Summer Resident Warblers of Arizona
Summer Resident Warblers of Arizona.
BY O. W. HOWARD, LOS ANGELES, CAL.
[Read before the Southern Division of the Cooper Orn. Club, Feb. 25, 1899.]
This species is quite common in the pine regions throughout Arizona, but I have not seen it at a lower elevation than 5000 feet. Unlike other warblers in this section, they keep almost entirely in the underbrush, where they are continually on the move and at the same time uttering a quick chirp as if in distress. Owing to the dull plumage and retiring habits of this bird comparatively few are seen. The nests are placed on the ground, under a bush or tuft of grass and are made of fine straws, rootlets and fibres, loosely put together. Except when the birds have young, they are very shy about going to the nest, and for this reason few nests are found with eggs while more are found containing young birds.
On our trip in 1896, Mr. W. B. Judson found a nest containing four fresh eggs on the 17th day of May. It was placed on a side hill under a tuft of grass at an elevation of about 7000 feet. On June 1, Mr. Judson found another nest in the same locality and after watching the bird for fully a half hour she went to the nest which was placed on the edge of a bluff in a bunch of grass, under some pines. After seeing the bird go to where we supposed the nest was situated we made a careful search and nearly stepped on it several times when Mr. Judson finally found it. This nest contained four eggs well advanced in incubation. The eggs are of a dull white color, finely speckled over the entire surface with brown and cinnamon. The nests of the bird, like those of other ground-nesting birds of this locality, are destroyed by jays and snakes. The jays steal both eggs and young. Often a whole band of these winged wolves will sweep down on a nest and in less time than it takes to tell it they will devour the contents and destroy the nest, the pitiful notes of the helpless parents being drowned by the harsh notes of the marauders.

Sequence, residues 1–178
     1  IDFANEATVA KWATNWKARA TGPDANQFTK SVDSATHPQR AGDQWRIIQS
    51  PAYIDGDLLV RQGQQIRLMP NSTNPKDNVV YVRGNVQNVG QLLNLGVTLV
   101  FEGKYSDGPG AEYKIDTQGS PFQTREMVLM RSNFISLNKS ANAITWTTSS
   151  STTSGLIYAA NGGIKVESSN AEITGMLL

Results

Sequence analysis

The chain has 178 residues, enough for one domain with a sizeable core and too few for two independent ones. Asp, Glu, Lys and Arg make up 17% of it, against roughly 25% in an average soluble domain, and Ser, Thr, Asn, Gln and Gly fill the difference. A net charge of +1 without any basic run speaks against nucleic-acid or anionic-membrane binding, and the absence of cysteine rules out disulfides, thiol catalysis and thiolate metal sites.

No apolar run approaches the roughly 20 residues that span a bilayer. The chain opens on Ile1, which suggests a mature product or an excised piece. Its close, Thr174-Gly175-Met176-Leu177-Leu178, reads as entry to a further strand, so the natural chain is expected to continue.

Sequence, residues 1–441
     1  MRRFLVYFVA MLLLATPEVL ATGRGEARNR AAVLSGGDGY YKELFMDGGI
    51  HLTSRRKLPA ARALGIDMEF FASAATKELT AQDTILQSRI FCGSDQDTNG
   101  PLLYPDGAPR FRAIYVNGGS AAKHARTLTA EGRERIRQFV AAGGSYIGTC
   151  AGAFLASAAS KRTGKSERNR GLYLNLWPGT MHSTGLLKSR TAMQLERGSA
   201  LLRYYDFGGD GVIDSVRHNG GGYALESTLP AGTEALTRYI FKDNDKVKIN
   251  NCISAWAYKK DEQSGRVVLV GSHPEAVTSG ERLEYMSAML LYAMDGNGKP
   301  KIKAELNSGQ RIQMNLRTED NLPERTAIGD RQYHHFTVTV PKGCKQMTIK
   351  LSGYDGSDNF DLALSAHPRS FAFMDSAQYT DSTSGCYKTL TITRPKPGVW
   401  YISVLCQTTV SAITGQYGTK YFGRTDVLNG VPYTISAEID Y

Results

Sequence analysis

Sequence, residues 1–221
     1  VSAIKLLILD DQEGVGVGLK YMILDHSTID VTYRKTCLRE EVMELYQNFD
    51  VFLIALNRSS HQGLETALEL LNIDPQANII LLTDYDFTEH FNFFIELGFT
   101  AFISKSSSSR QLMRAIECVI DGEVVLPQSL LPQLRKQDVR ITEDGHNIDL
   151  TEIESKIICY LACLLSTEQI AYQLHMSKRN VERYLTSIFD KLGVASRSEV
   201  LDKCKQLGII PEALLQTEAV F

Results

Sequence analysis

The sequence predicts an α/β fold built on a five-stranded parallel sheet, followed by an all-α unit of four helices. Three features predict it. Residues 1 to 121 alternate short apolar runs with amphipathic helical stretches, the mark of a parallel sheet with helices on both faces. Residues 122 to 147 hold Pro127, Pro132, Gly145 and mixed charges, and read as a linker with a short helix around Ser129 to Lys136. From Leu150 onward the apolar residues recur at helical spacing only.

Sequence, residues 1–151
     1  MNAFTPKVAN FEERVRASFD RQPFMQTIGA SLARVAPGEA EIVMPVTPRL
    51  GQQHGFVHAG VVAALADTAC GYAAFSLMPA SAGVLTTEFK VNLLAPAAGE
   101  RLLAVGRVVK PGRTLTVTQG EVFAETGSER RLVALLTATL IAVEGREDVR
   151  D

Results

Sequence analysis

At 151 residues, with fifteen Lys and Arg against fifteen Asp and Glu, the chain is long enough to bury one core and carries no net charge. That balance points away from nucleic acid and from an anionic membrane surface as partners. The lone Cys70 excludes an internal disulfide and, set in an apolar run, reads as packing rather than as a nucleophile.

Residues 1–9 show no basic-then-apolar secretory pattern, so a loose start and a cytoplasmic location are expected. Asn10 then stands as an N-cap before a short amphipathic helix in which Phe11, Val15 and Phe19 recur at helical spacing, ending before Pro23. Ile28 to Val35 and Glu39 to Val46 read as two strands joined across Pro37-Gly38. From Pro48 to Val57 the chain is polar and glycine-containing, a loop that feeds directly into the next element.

Audubon's Warbler is quite scarce during the summer months, as only a few of them remain to breed. Like the Olive, they are found high up in the pines along the tops of the ridges. I found several nests in 1897 and 1898 in Huachuca Mountains. The nests are very loosely constructed, being composed almost entirely of loose straws with a few feathers and hair for a lining. The eggs, generally four in number, are of a dull white ground color with light brown spots and blotches and under shell markings of a dull lavender. One nest containing four slightly incubated eggs, found on June 14, 1898, was placed in a red fir tree about fifteen feet up, which is unusually low for this species.
Another nest taken June 22, 1898, was placed in the lower branches of a sugar-pine about fifty feet from the ground, and twelve feet out from the trunk of the tree. This nest, like many others, could be taken only by using a long rope which I always carry with me. One end of the rope is drawn up into the tree by means of a cord and is passed around the trunk over a limb diagonally above the nest; the rope is then pulled around until both ends meet on the ground, thus making a double rope. The party on the ground then walks out with the rope until it reaches a point within a foot or two of the nest and holds it as tight as possible so that the rope is quite often at an angle of 45°. The party up the tree then twists the rope around one leg and slides down to a point even with the nest where he hangs on with one hand and with the other takes the eggs from the nest, one by one, and places them in his mouth. This seems to take half an hour but probably takes a half-minute. The next thing in order is to cut the end of the limb off with the nest. This is done with a small hatchet carried in the belt and is the most aggravating job I know of; it is something like playing golf. You strike at the air three times to every time you hit the limb and the worst of it all is that you cannot swear because you have your mouth full of eggs. When the limb is nearly severed you put your hatchet back in your belt or drop it on the rocks below to keep it sharp. Then you pull the limb off and hold it in one hand while you slide down the rope to the ground, where you find a shady place and lie down while the other fellow pulls the rope down. Three or four innings like this every day will give you a fine appetite for supper. If you don't believe me, try it!